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Who’s On First? Today’s Caregiving Crisis

Abbott and Costello’s 1953 legendary “Who’s on First”  sketch is the perfect analogy for today’s caregiving crisis and nod to the upcoming 2016 baseball playoffs.  Abbott attempts to educate Costello on the craziest baseball players names.  

Costello’s lack of comprehension over the baseball players reminds me of today’s policy makers and healthcare payers about caregiving realities.  So here goes, batter up...

  • “Who’s on First?” Demographic trends of the last fifty years have transformed our world away from a neat and tidy calendar based life cycle.  The median age of first time parents is rising so fast that many of them would qualify as grandparent age of days gone by.  Delaying the first child often means having less children.  On the opposite end of the life cycle we are the inspiring gains in life expectancy.  Many wealthy countries boast of an average life expectancy near 80 years.  

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  • “What’s on Second?”   Abbott and Costello lived when families remained in their hometowns, worshiping in the same parishes with their elders.  Today’s  job mobility and lifestyle choices leads many families to be  disconnected.  Older first time parents are feeling sandwiched between raising a family and caring for aging family members concurrently.  Likewise,  senior adults are eager to remain in the community till death and may not reach out for help for fear of losing their independence.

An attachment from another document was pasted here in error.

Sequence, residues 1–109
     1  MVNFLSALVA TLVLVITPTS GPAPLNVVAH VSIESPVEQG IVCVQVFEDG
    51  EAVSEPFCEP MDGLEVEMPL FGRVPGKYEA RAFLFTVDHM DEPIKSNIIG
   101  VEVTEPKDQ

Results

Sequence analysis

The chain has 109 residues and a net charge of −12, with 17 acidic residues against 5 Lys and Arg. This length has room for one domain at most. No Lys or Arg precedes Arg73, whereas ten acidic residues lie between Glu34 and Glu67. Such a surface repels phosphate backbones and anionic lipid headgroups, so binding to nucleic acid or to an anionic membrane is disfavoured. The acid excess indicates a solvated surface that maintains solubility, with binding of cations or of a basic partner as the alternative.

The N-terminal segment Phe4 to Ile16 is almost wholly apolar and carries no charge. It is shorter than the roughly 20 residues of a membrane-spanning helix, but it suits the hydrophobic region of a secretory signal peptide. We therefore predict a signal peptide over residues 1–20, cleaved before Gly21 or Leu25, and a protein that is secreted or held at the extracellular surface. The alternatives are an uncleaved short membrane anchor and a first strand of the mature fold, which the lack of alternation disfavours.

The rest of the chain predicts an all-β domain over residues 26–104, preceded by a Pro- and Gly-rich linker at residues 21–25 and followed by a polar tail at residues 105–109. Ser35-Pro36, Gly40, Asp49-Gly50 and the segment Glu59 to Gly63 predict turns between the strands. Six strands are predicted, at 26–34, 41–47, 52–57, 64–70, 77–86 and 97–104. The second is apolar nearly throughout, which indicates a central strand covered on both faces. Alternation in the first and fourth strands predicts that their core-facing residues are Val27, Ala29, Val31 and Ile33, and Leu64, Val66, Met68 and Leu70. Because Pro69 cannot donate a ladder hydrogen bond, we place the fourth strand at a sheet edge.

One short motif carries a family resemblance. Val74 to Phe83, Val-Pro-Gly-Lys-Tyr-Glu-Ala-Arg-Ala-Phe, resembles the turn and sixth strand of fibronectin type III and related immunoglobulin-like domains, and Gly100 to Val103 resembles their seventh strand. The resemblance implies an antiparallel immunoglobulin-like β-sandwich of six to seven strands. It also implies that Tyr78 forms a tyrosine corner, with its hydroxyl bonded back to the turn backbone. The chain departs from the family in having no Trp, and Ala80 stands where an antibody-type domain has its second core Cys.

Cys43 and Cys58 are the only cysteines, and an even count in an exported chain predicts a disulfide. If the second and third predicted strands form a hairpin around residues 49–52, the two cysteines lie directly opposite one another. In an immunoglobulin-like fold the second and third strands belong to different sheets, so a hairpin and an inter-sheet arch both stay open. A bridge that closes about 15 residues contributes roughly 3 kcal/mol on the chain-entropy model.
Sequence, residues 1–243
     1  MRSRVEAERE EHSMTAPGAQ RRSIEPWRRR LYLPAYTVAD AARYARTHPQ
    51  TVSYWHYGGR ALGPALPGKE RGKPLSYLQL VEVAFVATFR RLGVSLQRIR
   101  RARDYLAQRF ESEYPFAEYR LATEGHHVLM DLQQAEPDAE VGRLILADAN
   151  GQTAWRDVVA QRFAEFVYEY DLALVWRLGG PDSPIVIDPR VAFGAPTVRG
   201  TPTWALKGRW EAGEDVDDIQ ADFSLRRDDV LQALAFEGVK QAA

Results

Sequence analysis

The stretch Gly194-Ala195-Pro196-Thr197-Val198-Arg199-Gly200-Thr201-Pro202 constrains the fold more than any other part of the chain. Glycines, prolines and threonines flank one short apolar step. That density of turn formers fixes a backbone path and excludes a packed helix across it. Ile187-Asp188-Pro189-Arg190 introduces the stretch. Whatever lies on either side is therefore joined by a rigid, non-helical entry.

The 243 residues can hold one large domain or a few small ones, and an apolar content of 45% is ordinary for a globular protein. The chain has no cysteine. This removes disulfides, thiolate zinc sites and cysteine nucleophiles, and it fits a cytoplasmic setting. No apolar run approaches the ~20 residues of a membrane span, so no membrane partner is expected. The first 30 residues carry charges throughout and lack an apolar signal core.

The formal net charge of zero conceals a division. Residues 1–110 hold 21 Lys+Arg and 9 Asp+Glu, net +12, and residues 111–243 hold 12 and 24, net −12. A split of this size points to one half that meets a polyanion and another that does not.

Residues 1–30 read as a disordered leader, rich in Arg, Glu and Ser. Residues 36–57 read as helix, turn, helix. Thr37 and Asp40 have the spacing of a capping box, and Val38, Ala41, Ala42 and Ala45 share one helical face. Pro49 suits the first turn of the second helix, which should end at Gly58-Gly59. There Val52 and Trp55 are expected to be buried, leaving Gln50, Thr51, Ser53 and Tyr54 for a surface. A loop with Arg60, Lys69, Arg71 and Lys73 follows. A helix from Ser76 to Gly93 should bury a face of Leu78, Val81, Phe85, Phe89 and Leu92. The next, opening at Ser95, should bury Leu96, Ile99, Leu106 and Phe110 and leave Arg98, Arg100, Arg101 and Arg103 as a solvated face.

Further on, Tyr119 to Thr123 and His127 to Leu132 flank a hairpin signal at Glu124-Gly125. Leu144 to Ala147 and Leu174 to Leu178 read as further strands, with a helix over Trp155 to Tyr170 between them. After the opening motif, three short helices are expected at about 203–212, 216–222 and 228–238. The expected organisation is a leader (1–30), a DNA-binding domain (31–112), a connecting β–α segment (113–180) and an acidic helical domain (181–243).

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  • “I Don’t Know is on Third”  LIke this hilarious skit, caregivers  feel the frustration of not comprehending the language of federal and state laws and complex navigation of the healthcare payers pricing and carved out benefits.   Adult children and other relatives are at a loss of knowing what to do and how to help when they are no longer living near their parents.  

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  • “Left Fielder’s Name, ‘Why?”   Caregivers are leading busy lives with many competing roles so the status of a senior aging in the community may hit like a unexpected left field fly ball.  Senior adults can feel isolated as their abilities decline which can lead to depression.  Yes, many times declining health or a medical crisis appears to come out of left field.   

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  • Then Costello asks: “When you Pay off the first Baseman every month, who get’s the money? Abbott’s reply is:  He’s earned it.”   We all believe that our lifetime of hard work and savings should  yield a dignified and comfortable retirement.   ‘Who’ pays the bill?  If ‘Who’ lacks the funds then caregivers are left searching for other funding sources. One of the most contentious issues in caregiving is financial.  

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  • “PItcher’s Name? Tomorrow”  None of us prepare to become a caregiver.  It happens when least expected.  End of life documents, wills, retirement planning are all tasks that benefit from not waiting for “tomorrow.”

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  • “Catcher’s Name? Today”  The exasperated Costello reaches a breaking point when Abbott names the catcher “today.”  Caregivers, both present and former, know that we need serious policy reform today. The heavy economic, physical and emotional burdens of our broken caregiving system today are no laughing matter.